Everytime I go to my service center to get my oil changed for the 3000 miles, they always find something else. For example, on 1/30/09 they performed a rear differential drain and refill and then on 6/23/09 they did the same maintenance. What is a rear differential drain and refill and how often do I actually need one?
You had to AGREE to have that differential servce done, didn’t you? That being the case, you could/should have just said NO. I’ve known cars to go their ENTIRE 150,000 mile LIVES without ever having the differential grease changed. How often it SHOULD be changed differs with the car, and the type of differential it has. What does your owner’s manual say? I think you should go back, present both receipts, and ask for your scammed money back.
What sort of service center are you using? A chain type establishment like an Iffy Lube or Wally World? RUN, RUN like the wind. Find yourself a good independent shop, and use it.
I agree 100% w/MG. This is a RIPOFF shop, no doubt about it. There is no need for differential service any more that once every 5 years, if then (check your manual). Find another place to go.
Avoid quick lube places because due to their business plan will almost always relay on doing unneeded service and will employ under trained over worked staff who are paid to spend more time selling you service than they are allowed to do the service. Dealers while they are generally better are almost always more expensive.
The solution is to find a local independent mechanic.
Thanks for the comments. The car is a 2004 Chevy Trailblazer and my wife took it to Goodyear. We have been taking it there for the past three years since moving into the area. I thought it was just me but I will check out the manuel and take the car back. A $49 oil changed turned into a $500 service bill. I have recommended my wife take the car to a dealer but she likes this place for some reason. Thanks again for your comments.
I agree that this the shop appears to be ones of the rip-off types and I also agree that the car’s owner should familiarize himself/herself with what procedures are actually necessary.
However, I also have a suggestion to help the vehicle owner to keep track of what services have been done. Rather than having to dig through a stack of service invoices every time that you want to see when the differential was last serviced, or when the transmission fluid was last changed, or when the spark plugs were last replaced, it is much easier to maintain a small chart.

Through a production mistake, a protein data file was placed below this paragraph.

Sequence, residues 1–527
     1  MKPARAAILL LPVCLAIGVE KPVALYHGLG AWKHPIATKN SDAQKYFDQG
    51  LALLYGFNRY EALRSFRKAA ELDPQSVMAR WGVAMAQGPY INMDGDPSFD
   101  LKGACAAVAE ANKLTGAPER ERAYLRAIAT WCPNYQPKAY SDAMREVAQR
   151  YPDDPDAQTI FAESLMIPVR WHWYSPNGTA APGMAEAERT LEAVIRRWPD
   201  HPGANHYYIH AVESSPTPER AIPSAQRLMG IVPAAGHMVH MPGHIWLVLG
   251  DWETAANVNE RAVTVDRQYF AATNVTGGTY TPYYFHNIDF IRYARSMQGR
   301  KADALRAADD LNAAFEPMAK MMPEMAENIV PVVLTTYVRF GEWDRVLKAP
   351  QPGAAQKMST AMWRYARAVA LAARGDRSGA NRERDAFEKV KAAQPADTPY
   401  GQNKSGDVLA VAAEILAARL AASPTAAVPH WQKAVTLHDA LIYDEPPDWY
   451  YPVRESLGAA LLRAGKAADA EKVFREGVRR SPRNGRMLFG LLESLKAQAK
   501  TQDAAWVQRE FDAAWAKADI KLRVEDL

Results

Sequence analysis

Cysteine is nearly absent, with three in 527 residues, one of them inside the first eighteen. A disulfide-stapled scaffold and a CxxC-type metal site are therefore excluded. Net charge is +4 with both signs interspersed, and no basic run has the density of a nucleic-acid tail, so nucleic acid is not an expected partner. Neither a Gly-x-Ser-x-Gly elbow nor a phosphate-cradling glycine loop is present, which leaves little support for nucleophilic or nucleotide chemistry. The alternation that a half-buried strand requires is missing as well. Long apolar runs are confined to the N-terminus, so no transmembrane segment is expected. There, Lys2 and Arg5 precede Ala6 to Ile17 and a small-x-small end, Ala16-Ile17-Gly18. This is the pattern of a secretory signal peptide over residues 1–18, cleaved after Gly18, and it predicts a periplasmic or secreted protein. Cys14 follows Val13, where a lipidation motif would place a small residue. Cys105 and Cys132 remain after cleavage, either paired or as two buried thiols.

When I buy a new car, I take a piece of 8.5 x 14" paper, turn it sideways, and list all posssible maintenance procedures down the left side of the paper. Then, moving across the page, I draw vertical lines to make columns for each service interval. In effect, the result is a list on the left side of the page, with a row of vertical columns ranging across the page.
Every time the car is serviced (ranging from simple oil changes to the most complex maintenance procedure), I place an “X” in the appropriate column next to that procedure, along with the odometer mileage and the date. This way, I have a graphic that shows me–at a glance–what has been done, and when it was done.
I started doing this years ago after I mistakenly had the coolant changed twice within a year. Rather than making a mistake like that again, I decided that I needed a way to track what was done in order to readily see what needed to be done.
While I can construct my chart in the space of just a few minutes with a pen and a ruler, I am sure that it would also be possible to find templates for this type of thing online or possibly even within your existing software. No matter how you do it, just constructing a little chart and then updating it every time that the car is serviced will accomplish two things. It will prevent you from needless duplication of services, and it will help you to see when a particular service is due.
Piper, How Is This Trail Blazer Driven? Your Owner’s Manual Can Help You Determine An Oil Change Interval.
Many knowledgeable car enthusiasts who read and write these posts don’t change their engine oil as frequently as every 3,000 miles. You are possibly throwing your money away. While you are looking up the differential lubricant change interval in your Owners Manual/Maintenance Schedule, find a description of “normal” and “severe” driving conditions. You can possibly extend oil change distances.
Many people who fall into the “normal driving” category believe that 5,000 miles is more than adequate, although some manuals even recommend 7,500 miles or more. The oil change shops like you coming back as soon as possible.
Notice there is also a “time between change” recommendation as well. If those 1/30/09 and 6/23/09 oil changes (5 months apart) represent two consecutive changes, then the vehicle isn’t driven much and should probably follow a time interval, usually 6 months.
If this vehicle has Positraction GM calls for changing the fluid every 10,000 miles or so. That’s still a far cry from 3000 miles; yes that was a rip-off!!
Unfortunately these tire chain places (my experience has been Firestone) oversell services hoping you bite maybe one. They likely did not look at your past records and you may have a case for getting money back. I would ask.
I took my care to a Subaru dealer for a $300 full service at 30k miles bringing fully to date. A few weeks latter needed four new tires fine for $500, however the “mechanic” recommend $500 in additional work much redundant and other stating fluids in poor condition that were just changed. I simply smiled and said no and will never ever visit a national chain again.
These services are performed to prevent you from accumulating deposits in your bank account.
Find a reputable independently owned and operated shop to give your business to.